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When Does an Underwriter Turn Down a Loan?

what does a mortgage underwriter look for

An underwriter considers many factors before approving a loan.

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You picked out the house you want, submitted the mortgage application and provided supporting documents. Now your fate rests in the hands of the underwriter. It is this person who will decide whether or not your loan is approved or denied. Underwriters consider various factors when making their final decisions, and knowing which ones will cause them to turn down a loan can help you improve your approval chances.

The Underwriter Role

Once your loan application for a home purchase has been received and processed, it moves on to the desk of the underwriter. The underwriter is responsible for evaluating whether or not you are an acceptable financial risk for the lender to take. Income, credit, cash reserves and the property itself are four of the most important criteria that an underwriter will examine to determine whether or not he should approve the loan. If everything checks out, the loan will be conditionally approved.


Your credit score and history play an important role

in the underwriting process. In general, a minimum credit score of 640 is required for approval of a mortgage loan, according to CNNMoney. Even if you have a high credit score, blemishes in your history such as a past short sale can hurt your chances. If your credit score or history is not impeccable, it is best to prepare an explanation of any issues, correct errors, and cure and delinquencies ahead of time. Failure to do so might lead an underwriter to turn down your loan.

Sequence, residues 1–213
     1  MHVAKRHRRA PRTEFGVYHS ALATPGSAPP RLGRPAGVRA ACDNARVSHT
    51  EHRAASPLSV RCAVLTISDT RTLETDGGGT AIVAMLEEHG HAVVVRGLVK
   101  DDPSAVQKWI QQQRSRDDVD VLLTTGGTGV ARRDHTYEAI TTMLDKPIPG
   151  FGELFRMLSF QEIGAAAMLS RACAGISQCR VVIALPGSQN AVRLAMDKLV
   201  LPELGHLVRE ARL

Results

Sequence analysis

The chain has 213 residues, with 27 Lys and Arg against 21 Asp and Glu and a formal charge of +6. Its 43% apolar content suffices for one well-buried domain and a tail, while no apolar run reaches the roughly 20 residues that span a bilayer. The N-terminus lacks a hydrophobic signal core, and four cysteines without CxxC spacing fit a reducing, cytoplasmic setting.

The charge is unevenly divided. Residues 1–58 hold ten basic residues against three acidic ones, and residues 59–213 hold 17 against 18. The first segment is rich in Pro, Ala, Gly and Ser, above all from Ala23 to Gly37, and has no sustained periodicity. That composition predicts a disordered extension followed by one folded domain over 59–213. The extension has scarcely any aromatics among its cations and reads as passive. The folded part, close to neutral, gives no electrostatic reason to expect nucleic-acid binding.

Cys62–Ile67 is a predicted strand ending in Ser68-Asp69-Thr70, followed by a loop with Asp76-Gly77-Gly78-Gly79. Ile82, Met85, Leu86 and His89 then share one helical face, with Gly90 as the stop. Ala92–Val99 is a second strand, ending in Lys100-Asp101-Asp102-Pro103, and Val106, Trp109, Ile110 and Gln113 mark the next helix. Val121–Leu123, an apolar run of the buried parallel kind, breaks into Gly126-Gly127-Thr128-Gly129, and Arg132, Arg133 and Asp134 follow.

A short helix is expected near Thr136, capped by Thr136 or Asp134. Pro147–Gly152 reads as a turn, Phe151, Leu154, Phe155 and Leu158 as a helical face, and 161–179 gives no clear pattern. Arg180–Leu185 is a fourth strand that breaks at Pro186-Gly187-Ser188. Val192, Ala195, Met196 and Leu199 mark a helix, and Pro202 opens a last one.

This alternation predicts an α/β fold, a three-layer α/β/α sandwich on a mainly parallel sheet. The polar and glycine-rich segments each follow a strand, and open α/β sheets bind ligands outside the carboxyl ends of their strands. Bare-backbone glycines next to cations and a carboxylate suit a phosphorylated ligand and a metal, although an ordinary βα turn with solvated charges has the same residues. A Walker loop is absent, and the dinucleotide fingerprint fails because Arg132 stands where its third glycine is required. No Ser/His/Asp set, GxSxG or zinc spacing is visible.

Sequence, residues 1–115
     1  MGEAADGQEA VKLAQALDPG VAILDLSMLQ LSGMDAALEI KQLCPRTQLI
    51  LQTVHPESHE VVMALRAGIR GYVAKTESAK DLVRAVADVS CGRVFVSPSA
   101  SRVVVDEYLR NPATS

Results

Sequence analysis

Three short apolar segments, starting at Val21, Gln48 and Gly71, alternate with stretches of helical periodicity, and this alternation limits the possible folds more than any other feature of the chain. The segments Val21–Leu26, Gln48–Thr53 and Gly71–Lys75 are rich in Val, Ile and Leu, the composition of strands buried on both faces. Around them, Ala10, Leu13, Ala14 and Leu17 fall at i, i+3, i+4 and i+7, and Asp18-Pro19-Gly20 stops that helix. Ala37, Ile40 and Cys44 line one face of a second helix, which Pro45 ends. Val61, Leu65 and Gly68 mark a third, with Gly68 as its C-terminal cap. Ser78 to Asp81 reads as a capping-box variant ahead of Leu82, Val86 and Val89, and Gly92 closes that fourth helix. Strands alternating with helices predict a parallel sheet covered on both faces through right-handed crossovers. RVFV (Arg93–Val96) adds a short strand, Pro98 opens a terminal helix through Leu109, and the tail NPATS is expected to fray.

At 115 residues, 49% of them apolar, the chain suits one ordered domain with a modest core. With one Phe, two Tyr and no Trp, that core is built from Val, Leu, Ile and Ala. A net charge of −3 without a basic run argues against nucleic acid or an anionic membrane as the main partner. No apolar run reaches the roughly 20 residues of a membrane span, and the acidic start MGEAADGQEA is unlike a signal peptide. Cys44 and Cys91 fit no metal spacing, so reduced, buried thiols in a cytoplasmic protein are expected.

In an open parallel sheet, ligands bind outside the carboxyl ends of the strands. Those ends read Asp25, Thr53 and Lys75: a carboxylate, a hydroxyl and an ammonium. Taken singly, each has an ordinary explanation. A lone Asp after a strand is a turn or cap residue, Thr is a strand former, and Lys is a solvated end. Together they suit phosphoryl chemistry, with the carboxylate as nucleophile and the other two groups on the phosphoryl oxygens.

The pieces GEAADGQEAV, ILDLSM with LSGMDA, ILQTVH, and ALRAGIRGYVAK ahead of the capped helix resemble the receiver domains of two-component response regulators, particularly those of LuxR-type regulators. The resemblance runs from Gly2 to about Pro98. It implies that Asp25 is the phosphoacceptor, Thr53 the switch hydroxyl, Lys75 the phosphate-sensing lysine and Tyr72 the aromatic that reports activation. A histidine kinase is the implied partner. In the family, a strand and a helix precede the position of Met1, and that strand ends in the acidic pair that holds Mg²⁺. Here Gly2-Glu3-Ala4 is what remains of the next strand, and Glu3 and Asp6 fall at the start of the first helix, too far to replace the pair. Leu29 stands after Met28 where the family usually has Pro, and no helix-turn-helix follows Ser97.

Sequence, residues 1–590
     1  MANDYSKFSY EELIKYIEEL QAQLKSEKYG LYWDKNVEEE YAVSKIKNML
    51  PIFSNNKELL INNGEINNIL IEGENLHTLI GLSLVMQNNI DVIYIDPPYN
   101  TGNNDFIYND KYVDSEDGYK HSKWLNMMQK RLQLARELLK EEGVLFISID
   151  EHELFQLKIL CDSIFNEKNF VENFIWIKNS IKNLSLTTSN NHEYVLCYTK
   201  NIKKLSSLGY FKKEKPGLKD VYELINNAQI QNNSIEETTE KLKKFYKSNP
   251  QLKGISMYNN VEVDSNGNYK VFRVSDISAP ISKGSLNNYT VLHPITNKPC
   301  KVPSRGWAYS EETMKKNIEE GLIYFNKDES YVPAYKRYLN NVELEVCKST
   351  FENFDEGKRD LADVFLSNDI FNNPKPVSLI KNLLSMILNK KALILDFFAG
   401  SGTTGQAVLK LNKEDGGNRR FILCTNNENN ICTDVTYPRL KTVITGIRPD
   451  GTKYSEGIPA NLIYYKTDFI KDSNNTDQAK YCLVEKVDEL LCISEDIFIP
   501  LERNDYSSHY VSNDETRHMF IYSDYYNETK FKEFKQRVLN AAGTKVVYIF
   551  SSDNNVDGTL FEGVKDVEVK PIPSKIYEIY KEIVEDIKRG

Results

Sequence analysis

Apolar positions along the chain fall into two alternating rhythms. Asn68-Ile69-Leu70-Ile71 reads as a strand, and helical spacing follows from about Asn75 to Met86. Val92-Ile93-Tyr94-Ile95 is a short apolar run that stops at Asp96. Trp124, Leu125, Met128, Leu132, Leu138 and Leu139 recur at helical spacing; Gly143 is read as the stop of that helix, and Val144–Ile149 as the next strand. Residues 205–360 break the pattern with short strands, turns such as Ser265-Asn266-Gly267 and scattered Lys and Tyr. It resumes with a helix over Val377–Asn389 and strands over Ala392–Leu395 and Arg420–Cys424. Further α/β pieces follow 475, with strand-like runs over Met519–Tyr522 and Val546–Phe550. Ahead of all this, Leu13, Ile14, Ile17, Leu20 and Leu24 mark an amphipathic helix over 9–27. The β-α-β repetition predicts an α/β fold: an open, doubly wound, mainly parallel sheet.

When it comes to income, underwriters will look to see that you make enough to comfortably pay the mortgage each month. CNNMoney says that if housing costs take up more than 28 percent of your gross income, this will give the underwriter pause. Failing to properly document income is one of the most common reasons that loans are rejected. Underwriters require tax records to back up your income claims. Gaps in employment and frequent job changing are also bad signs for an underwriter to see.

Cash Reserves and Closing Costs

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